A good English Breakfast tea. I had bought about 50 tea bags with me when I moved to Panama. Thought this will be my comfort drink/food for a month.Then one day in a store there was a box. So of course I had to buy it. Now when ever a box appears I grab it. Hummus also has been a go to. Hard to find here. I guess I need to learn how to make it.

    1. Ashley February 3, 2018

      So glad you bought it! I learned early on from a veteran in my country of service to always carry around a little extra cash tucked away JUST for those moments when you see something that you rarely see, because ya just never know when you’ll see it again! It’s been true so many times.

  4. Nomad Mom February 1, 2018

    I developed my obsession with chai when we lived in Northwest China. The chai sellers will create the most wonderful mixes for you. They view it as medicine. Rich with all the traditional chai spices, I am still trying to create it here in the States. The American version is just weak on the spices and heavy on sugar and milk. Yes, chai is still my obsession! If you get out to the Northwest, check out the chai bazaars!

    1. Ashley February 3, 2018

      I would LOVE to have access to legit chai! Maybe someday it’ll make it across the desert to our side of the country. 😉 I know the American versions are super sweet and milky–but I still like them both! I think it’s the blend of spices that gets me. Warm, a little spicy, and of course sweet. Yum! Maybe you’ll just have to befriend someone at your local Indian or Middle Eastern restaurant to teach you how to make it!

  5. Angela February 1, 2018

    Twinings vanilla chai has become a favorite and we still have a box left from our Pastors in the states. This recipe will come in handy for when tea time needs a familiar face again!

    1. Ashley February 3, 2018

      Great! I hope you enjoy!

  6. Michele February 3, 2018

    I have to admit that living in the land of chai (or chiya, as it’s called in Nepal), it’s funny to see an American recipe for it here! I”m surprised no other readers in South Asia have commented. Come on over and I’ll make you a cup of the real deal! 🙂 And super sweet and milky is definitely the way they do it here. I don’t take sugar in black tea or coffee, but my chai/chiya has to be sweet because that’s how it was originally served to me and it’s just not right without a little too much sugar!

  7. Ashley February 6, 2018

    How I would LOVE to have access to the real deal! Actually, this recipe is funny/embarrassing in some ways because one, I wrote this post 3 years ago and have since learned that it’s just called CHAI and that saying tea afterwards is redundant. Fumbling American here. I would love to know how they make it in Nepal! Please share a recipe! Or maybe you don’t even make it your own because it’s easier to go to the stand on the corner? If that’s the case, well, I’ll continue to be a little jealous. 😉 I am, however, thankful that Starbucks in Thailand (where I am for a few weeks now) has picked up on the deliciousness and will make me a chai latte. Not cheap, but oh so worth it!

  8. Rachael February 10, 2018

    Thank you for this! I’m in Eastern Europe and while there is a lot of tea here (and the word for tea actually is chai), I haven’t come across these flavors in awhile and have really missed chai lattes. I am now steeping my second batch of the week! The first was just with cinnamon, vanilla, ground ginger, and ground cloves (from when I made a spice cake at Thanksgiving and had to grind the cloves by hand – so fun, haha). I was really thankful that I could find cardamom in the store yesterday – I knew the other ingredients were available (and had a vanilla bean and whole cinnamon sticks on hand from when I found them and immediately bought them), but had to figure out what cardamom was in the language here. At the very end of the spice aisle, right before I was about to give up, I found it! I’d already planned a trip to Ikea next week when I’m in the capital city to get one of those little battery-powered frothers for the milk, so my lattes will be even more exciting! 🙂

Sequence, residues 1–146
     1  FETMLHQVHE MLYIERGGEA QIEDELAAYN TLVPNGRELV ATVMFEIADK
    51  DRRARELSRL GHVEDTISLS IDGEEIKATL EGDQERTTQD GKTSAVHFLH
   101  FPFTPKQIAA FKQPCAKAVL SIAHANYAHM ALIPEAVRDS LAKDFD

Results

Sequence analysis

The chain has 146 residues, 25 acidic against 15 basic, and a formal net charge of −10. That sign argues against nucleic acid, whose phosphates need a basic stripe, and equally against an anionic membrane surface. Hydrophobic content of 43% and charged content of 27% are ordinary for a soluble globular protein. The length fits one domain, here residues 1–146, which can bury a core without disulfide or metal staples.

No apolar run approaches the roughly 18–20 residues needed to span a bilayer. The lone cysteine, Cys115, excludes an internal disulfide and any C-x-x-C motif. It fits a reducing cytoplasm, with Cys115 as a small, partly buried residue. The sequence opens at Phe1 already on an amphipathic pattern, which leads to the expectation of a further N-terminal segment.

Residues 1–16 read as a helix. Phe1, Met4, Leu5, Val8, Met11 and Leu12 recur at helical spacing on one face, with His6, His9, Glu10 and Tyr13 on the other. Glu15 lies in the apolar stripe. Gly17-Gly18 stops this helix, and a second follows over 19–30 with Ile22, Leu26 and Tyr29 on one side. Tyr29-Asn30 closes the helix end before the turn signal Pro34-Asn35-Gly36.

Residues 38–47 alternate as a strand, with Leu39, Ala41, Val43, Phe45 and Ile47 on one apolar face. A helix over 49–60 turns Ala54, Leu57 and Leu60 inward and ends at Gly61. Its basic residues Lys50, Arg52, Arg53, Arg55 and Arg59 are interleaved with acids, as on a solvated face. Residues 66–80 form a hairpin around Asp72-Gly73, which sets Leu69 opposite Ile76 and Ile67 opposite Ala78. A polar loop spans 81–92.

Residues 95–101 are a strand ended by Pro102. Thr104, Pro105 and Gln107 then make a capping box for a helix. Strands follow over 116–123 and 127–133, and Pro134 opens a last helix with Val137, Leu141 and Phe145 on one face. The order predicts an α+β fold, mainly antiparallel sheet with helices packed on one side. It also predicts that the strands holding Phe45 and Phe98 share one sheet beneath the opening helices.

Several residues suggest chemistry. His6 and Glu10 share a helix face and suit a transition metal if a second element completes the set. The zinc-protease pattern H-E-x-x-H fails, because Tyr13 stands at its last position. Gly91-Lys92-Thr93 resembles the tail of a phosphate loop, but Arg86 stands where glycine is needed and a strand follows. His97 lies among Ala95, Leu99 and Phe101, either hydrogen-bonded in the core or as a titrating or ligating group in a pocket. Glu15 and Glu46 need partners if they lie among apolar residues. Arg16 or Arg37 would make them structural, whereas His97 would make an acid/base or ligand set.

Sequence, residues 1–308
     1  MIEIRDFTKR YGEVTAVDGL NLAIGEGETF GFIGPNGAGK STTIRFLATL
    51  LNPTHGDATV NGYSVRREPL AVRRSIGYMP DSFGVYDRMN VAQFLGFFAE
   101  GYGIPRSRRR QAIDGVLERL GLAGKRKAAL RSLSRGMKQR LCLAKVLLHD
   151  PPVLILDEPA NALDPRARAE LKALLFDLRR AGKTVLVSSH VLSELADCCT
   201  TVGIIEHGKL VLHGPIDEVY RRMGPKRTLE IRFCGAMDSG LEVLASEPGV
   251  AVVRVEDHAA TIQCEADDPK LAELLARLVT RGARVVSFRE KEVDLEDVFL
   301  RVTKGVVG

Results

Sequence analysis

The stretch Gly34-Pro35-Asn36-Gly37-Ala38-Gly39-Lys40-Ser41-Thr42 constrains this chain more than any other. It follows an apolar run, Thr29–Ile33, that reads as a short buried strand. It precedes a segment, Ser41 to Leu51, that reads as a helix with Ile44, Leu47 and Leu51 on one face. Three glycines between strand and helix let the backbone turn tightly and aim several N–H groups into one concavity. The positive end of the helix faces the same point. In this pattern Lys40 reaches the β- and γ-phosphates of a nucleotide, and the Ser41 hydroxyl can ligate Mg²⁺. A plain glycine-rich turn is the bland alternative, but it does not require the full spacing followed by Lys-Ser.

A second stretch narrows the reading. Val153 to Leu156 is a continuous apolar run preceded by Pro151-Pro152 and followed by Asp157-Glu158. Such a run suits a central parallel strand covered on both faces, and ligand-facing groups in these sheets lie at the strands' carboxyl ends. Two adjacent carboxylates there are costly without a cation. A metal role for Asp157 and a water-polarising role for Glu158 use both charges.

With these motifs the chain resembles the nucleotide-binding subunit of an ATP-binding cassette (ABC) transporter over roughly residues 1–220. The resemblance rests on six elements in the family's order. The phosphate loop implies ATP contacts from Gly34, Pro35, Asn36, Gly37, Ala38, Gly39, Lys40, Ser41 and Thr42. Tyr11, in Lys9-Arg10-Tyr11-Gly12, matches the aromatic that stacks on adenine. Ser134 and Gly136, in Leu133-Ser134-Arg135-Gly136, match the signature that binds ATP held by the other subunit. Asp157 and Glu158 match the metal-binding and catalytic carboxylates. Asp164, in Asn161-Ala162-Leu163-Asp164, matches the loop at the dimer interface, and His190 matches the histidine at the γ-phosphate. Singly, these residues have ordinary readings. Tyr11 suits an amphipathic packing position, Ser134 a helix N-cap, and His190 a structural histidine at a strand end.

It’s funny how tea has become such a homey thing for me. I always loved it in the States, but now that I am in and out of my home so often here, I drink a lot more of it, and often give tea to friends I’m hosting. For Christmas, one family on my team gave me a teapot and another gave me two boxes of tea. And I discovered a tea house in town where I can get all kinds of loose teas, and have made friends with the proprietors and often take my friends there. I’ve never been a coffee drinker, but I figure one obsession at a time is enough. 😉

  9. Lisa July 23, 2018

    As I was reading this article I turned to my hubby and said, “Sweetie, someone finally GETS ME!” haha. I am one of the rare ones that don’t like anything having to do with coffee, I just never got into it- but tea on the other hand, specifically Chai, is my complete obsession as well.

    The best chai I’ve ever had and what got me completely booked is Kenyan chai. Thankfully I bought about 3 years worth the last time I was there- because it is near impossible to find the right masala in the states (you can get it for 13 BUCKS on Amazon, reg. $1 in Kenya! Although I can’t seem to find it on there right now).

    The way they make it is unique as well. You take a pot, fill it with enough milk for however many cups of tea you want (technically they do half mill half water, but I like all milk), then put 1 tsp. Of loose leaf black tea right in the pot, along with 1/4-1/2 tsp. Of what they simply call “tea masala”, aka heaven on Earth.

    You bring that to a boil, so it steeps as it heats up. As soon as it comes to a boil, you pour it over a small strainer into your cup! Some people like to strain it a few times first, but I just don’t drink the last sip in the cup 🙂 add your sugar (Kenyans like it SWEET) And you’re golden!

    It is the best cup of tea I’ve ever had and it takes me to my happy place 🙂

    If you ever get the chance, I highly recommend getting a cup of Kenyan chai, or find a friend who has the stuff to make it :)!!!

    1. Ashley Felder August 1, 2018

      Sounds delicious!!! Never knew Kenya had their own version! I’ll keep my eyes peeled for it. 🙂